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The Yearbook on History and Interpretation of Phenomenology 2014

Normativity & Typification

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Edited By Anton Vydra

The second issue of The Yearbook on History and Interpretation of Phenomenology focuses on the intertwined topics of normativity and of typification. The area of their application and specification is relatively broad: from biological questions through various lived experiences and political life to aesthetical judgments. The contributors see normative aspects of human existence as a possibility to act according to inherent or personal values rather than according to some fixed and external rules or even laws.
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Husserl on Normativity, Love, and Hope

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Abstract This analysis argues that human subjectivity as described by Husserl is structured in such a way that it prepares the ground for the experience of hope. The former can be addressed through a discussion of how the subjective components of normativity, typification, optimality, and love cohere with the possibility of hope. I will also raise the issue of how empathy and intersubjectivity form part of this first experience. Following a discussion of what it is that might motivate hope, and how hope unfolds, I will consider some of hope’s limits.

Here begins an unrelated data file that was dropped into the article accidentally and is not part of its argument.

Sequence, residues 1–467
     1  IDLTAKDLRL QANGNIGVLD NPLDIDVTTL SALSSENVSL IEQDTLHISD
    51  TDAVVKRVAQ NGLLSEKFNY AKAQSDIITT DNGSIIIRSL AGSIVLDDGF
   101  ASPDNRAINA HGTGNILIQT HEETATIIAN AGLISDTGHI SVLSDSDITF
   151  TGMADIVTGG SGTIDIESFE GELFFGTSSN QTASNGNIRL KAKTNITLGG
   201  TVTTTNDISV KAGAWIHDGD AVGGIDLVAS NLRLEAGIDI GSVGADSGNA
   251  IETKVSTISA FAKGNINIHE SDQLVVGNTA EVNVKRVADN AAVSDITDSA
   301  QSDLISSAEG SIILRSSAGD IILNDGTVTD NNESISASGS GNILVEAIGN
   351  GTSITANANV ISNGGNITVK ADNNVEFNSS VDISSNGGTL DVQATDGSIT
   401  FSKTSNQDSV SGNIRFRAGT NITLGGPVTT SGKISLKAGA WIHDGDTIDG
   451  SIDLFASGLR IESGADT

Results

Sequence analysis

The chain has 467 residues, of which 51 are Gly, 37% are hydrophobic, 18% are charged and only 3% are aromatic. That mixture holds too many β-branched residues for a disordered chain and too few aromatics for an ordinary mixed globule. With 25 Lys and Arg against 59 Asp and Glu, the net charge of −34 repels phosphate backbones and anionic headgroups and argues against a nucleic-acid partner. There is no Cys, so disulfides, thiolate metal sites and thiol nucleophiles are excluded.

Keywords: Depression, Empathy, Hope, Intersubjectivity, Love, Normativity, Optimality, Subjectivity, Typification

1. Introduction

One of the most powerful aspects of phenomenology lies in its liberating capacity. It is possible to assess this liberating possibility through an analysis of Edmund Husserl’s concepts of normativity, typification, optimality, and love, and how the former are systematically and structurally related to the possibility of hope. For Husserl, experience is a fluid and malleable phenomena that does not unfold in a deterministic or mechanistic manner. What is considered normal, typical, and optimal within experience is by no means locked in nor fixed.1 Relatedly, we are drawn as a community to what is ethically best (via love), and hope plays an important role in this pursuit. None of this denies, importantly, that the pull towards the better can become buried, or that hope does not have its limits. I will address the previous themes in the following order....

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